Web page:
The killing of Viktoria Amelina, who has died of injuries suffered during last week’s Russian missile attack on a restaurant in Kramatorsk, deprives Lviv, Ukraine and the world of an outstanding writer, an individual who reflected the best of modern Ukraine – humour, tenacity and warmth, coupled with a brilliantly open spirit and a courageous soul. Just a few months ago, at the Book Festival in Lviv, her beloved home city, she captivated us on life, love, family and crimes, her work on the coming War and Justice Diary: Looking at Women Looking at War. ‘They are targeting all of us’, she said in our public conversation, ‘and for me that is a genocide’. Her life was emblematic of remarkable Lviv, her death is emblematic of a merciless and terrible war, prosecuted by men who feel no compunction acting in manifest violation of the most basic precepts of humanity. Victoria Amelina is gone, but she will always be present, her values embodied in the decency she represented and the accountability she sought. Her killing is a most terrible crime – her legacy will include a renewed and unbreakable commitment to accountability for those who perpetrate such  horrors, in a land she cared for with passion and brilliance.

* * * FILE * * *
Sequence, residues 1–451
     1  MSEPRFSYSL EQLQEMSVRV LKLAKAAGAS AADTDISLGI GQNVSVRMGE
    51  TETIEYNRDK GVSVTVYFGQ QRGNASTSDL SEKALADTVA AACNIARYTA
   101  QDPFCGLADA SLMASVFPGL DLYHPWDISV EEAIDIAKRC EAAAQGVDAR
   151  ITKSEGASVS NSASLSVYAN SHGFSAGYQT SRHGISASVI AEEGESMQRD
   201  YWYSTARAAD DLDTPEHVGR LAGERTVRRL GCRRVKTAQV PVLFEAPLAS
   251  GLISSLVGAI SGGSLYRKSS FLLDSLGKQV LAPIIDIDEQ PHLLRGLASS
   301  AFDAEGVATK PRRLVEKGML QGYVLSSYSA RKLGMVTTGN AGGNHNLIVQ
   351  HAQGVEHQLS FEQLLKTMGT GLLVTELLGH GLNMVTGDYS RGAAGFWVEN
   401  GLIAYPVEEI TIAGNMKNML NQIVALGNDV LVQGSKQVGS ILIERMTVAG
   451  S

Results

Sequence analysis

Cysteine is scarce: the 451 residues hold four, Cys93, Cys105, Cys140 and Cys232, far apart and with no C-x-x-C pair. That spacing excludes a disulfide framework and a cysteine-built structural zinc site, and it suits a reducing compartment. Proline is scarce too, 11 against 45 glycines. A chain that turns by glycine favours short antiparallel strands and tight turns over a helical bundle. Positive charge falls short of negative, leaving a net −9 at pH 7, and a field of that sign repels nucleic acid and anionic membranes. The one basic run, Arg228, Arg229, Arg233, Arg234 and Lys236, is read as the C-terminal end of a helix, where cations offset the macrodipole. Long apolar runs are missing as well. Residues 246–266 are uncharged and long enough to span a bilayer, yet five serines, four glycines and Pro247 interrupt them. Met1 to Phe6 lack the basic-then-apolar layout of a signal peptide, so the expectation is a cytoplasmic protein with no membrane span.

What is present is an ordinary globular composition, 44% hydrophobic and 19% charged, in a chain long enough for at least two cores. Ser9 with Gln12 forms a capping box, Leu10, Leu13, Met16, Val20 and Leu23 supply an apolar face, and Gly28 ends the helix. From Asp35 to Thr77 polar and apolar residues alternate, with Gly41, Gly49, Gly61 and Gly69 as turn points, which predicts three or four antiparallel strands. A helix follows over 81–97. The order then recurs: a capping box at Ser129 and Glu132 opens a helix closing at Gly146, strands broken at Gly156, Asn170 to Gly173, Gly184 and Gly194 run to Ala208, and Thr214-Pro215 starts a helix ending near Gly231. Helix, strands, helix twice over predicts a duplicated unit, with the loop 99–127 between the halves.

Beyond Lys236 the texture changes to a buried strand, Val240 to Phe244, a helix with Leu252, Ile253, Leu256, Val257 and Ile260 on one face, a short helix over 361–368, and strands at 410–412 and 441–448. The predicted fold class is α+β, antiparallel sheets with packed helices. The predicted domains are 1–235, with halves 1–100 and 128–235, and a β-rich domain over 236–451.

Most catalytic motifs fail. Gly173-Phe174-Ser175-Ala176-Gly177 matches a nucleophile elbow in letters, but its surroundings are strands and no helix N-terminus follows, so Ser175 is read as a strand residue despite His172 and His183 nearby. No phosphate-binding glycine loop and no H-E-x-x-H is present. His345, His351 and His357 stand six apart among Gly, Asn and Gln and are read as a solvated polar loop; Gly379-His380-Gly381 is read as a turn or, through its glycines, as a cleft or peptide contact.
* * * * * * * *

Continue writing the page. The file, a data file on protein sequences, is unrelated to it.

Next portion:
Philippe Sands, July 3, 2023, 08h00.

PEN INTERNATIONAL STATEMENT ABOUT THE MURDER OF VICTORIA AMELINA


Ukraine: PEN International mourns the killing of writer and PEN Ukraine member Victoria Amelina

03 July 2023 – PEN International joins PEN Ukraine in mourning the killing of writer, PEN Ukraine member and human rights defender Victoria Amelina, following a horrific Russian missile strike in Kramatorsk, Eastern Ukraine on 27 June 2023. Amelina was seriously injured and rushed to hospital in Dnipro. She passed away on 1 July 2023. She was 37 years old.

In a statement published on 2 July 2023, PEN Ukraine said: